With a blizzard coming, Bryan Caplan was surprised by what he found at the grocery store:
…By the time I got to the grocery store last night around 11 PM, many of the shelves were unsurprisingly empty.
Many, but not all. They were out of milk and bread, but there was still plenty of cheese and chocolate. That was easily explained – people knew they could shop again in a few days, so they only needed to stock up on staples. But the more I looked around, the more puzzled I was.
Here’s what I noticed: For any given type of product, the most popular brand always sold out first. There were no Eggo waffles, but plenty of Wegmans brand waffles. All the national brands of hot dogs and sausages were gone, but there were plenty of obscure sausages still on the shelves. If you broadened the categories, the pattern remained. In produce, all the bananas were gone, but there were still plenty of apples.
You might say, “What’s the puzzle? Of course the most popular stuff sells out first.” But that’s a feeble explanation. After all, if X is ten times more popular than Y, then you’d expect stores to simply carry ten times as much X as Y. Why would X sell out faster in a blizzard if stores have already taken its greater popularity into account?
The modeled behavior blog offers something sensible but I don’t think it fully explains what’s happening:
The driving factor here is that the amount of shelf space devoted to a product has an impact on it’s sales. In marketing science they refer to this influence as space elasticity. One reason this occurs is because of exactly what Bryan observed: the more space you have, the less likely a product is not going to be there when you want it. More important than this though, is that more product space gets peoples’ attention, and probably signals something about the demand for that product. If there’s a lot of space devoted to a product that means a lot of people buy it, which influences people via social proof. There’s an interesting behavioral story here about why space influences demand, but for now suffice it to say that it does.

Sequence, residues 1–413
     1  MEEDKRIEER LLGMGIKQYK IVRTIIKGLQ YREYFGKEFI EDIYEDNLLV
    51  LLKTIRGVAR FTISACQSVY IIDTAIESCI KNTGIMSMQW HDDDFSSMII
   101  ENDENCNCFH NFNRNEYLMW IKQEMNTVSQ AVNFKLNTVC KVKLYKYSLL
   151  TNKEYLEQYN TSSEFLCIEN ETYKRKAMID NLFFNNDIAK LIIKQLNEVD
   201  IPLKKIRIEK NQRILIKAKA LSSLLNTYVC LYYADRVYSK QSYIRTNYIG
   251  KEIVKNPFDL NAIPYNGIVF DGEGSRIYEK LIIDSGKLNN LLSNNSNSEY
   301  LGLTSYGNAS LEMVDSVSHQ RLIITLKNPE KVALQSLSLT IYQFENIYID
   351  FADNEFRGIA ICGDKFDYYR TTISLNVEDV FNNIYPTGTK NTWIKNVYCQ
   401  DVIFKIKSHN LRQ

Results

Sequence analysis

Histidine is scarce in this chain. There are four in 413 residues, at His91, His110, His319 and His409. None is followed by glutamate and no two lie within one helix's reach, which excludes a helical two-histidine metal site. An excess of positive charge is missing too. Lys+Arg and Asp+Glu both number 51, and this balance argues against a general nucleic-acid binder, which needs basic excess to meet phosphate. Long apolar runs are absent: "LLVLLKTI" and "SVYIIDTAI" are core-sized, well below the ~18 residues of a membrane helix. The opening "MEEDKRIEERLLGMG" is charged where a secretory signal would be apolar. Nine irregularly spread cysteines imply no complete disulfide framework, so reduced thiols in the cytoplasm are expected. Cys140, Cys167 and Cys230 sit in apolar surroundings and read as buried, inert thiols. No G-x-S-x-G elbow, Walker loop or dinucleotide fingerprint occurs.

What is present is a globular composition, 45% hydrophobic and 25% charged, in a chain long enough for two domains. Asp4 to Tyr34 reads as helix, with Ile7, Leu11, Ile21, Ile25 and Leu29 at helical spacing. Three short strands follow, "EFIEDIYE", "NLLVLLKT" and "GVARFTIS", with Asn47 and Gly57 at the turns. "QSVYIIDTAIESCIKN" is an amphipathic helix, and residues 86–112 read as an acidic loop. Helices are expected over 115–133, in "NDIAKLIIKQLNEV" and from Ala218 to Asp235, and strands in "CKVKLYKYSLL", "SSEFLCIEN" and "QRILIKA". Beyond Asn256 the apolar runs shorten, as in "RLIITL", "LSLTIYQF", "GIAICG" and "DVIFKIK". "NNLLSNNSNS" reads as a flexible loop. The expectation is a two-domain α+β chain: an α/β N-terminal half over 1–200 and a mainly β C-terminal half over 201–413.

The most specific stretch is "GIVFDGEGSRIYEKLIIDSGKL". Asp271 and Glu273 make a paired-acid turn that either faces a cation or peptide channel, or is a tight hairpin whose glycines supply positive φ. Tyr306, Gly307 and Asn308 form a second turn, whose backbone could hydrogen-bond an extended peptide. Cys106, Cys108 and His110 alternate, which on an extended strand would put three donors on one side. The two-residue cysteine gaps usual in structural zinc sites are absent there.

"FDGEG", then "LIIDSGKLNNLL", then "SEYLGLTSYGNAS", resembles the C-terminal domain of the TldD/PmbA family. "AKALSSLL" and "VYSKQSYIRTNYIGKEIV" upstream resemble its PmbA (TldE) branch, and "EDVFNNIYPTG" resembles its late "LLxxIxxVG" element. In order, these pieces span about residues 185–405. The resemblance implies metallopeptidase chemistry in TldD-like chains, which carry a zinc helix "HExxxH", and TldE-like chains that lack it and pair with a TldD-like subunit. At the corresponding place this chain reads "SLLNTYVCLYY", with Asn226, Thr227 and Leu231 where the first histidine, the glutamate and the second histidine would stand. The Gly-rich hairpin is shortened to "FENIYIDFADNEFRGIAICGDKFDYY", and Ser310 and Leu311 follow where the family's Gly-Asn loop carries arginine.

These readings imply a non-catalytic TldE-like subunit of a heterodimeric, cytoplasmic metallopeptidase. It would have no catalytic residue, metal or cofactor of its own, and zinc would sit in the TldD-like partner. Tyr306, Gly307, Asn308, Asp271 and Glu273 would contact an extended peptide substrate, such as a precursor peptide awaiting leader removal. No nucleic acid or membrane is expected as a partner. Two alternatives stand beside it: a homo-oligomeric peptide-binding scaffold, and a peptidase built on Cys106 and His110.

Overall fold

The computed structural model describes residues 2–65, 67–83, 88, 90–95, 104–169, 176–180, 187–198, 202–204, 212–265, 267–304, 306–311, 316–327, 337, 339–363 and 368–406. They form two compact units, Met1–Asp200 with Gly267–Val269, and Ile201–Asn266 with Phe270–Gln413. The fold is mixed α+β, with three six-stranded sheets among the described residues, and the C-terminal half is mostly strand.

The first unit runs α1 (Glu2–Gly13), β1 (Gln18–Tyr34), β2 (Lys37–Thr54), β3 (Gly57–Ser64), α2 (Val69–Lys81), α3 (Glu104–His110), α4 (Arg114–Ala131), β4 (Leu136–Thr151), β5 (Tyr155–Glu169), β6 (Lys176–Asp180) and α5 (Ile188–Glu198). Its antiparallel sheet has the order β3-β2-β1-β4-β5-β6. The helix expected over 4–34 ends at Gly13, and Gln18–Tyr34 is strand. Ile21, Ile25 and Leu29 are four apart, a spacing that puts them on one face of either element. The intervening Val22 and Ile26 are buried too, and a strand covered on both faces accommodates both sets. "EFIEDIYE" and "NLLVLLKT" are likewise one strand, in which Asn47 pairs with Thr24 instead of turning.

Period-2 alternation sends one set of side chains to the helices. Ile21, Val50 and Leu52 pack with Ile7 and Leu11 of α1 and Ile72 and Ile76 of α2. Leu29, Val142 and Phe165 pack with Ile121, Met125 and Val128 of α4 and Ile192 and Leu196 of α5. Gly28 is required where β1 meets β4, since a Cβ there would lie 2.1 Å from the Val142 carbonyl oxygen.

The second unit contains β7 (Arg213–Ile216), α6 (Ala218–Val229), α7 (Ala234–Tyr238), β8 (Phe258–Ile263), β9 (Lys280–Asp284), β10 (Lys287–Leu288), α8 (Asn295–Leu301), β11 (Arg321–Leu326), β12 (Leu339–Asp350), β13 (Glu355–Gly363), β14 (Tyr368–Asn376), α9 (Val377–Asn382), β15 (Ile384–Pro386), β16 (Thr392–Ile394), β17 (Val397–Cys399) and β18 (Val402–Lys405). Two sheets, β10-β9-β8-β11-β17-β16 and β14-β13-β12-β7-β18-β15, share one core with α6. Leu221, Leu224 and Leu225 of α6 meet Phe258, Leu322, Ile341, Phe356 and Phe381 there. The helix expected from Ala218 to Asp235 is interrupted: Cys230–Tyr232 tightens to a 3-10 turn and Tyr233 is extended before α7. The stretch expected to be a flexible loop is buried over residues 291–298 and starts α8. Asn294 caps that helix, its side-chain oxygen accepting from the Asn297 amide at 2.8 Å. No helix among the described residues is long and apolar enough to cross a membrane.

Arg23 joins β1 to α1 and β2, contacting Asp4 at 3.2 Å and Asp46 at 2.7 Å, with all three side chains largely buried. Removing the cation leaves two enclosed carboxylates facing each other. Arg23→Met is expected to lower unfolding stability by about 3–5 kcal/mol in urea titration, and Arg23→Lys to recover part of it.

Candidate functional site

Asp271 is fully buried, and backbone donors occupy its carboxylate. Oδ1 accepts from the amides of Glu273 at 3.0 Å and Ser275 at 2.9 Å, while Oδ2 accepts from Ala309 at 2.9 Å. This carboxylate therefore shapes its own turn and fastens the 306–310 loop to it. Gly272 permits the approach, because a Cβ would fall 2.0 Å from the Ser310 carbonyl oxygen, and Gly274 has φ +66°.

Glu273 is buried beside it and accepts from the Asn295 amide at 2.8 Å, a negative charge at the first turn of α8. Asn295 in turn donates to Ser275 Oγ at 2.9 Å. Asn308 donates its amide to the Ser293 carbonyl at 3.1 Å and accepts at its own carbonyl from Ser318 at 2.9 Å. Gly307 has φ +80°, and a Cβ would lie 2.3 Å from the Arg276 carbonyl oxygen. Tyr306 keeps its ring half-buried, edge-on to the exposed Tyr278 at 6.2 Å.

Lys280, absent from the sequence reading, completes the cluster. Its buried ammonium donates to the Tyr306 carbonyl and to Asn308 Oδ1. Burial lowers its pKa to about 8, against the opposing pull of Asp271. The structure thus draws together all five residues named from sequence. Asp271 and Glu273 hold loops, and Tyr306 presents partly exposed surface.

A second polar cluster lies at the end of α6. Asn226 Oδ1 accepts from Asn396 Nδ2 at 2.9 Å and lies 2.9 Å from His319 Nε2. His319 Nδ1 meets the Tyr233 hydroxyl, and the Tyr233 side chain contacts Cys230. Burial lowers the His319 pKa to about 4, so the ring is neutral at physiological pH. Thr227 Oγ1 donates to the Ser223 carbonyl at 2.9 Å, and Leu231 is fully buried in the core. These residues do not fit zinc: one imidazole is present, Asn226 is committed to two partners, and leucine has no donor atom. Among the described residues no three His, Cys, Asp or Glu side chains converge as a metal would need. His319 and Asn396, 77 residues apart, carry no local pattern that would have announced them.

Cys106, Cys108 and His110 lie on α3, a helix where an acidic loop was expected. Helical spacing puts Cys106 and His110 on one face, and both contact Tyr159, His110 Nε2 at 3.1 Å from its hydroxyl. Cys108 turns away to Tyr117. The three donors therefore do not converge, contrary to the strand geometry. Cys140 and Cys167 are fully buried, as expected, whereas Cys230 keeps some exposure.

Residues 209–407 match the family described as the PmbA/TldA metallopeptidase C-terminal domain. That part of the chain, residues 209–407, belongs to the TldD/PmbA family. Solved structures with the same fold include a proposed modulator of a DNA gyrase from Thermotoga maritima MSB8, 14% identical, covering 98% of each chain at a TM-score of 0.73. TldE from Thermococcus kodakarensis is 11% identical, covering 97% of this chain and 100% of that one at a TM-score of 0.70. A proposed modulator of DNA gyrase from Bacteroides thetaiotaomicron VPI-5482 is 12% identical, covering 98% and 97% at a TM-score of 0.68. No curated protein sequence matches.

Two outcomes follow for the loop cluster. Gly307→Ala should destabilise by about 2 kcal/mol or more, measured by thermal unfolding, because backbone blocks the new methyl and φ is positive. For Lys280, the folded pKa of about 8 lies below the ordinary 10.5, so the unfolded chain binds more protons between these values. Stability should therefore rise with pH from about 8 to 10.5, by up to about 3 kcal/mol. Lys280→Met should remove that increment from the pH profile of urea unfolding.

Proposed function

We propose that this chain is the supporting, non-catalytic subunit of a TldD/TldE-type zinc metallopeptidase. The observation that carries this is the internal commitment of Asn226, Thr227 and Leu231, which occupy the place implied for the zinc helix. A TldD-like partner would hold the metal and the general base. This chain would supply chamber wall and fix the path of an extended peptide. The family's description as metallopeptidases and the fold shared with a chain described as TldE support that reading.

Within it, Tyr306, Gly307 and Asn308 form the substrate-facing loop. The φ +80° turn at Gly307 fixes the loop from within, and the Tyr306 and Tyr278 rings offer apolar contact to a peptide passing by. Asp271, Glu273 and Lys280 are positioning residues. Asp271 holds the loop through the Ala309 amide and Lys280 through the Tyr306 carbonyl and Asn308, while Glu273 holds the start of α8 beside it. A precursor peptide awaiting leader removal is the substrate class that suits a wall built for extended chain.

I think there are multiple factors (all working together): In times of stress our brains turn towards familiarity (Bias from stress-influence nudges us towards the availability bias). If we’ve had a good experience with Kraft Dinner in the past and we know a storm is coming we don’t want to take a chance on a store-brand (uncertainty avoidance).
We are also creatures of habit—if we normally buy Kraft Dinner and it sells out, we do what we normally do which likely doesn’t lead to buying the store brand (we substitute with something else).
There is also an element of scarcity—subconsciously we know national brands will be more desirable to others so we desire them more.
And then there is signalling. After the national brands noticeably start selling more there is also an element of social proof that comes into play (KD is selling quick, everyone is buying it; I need to buy it…).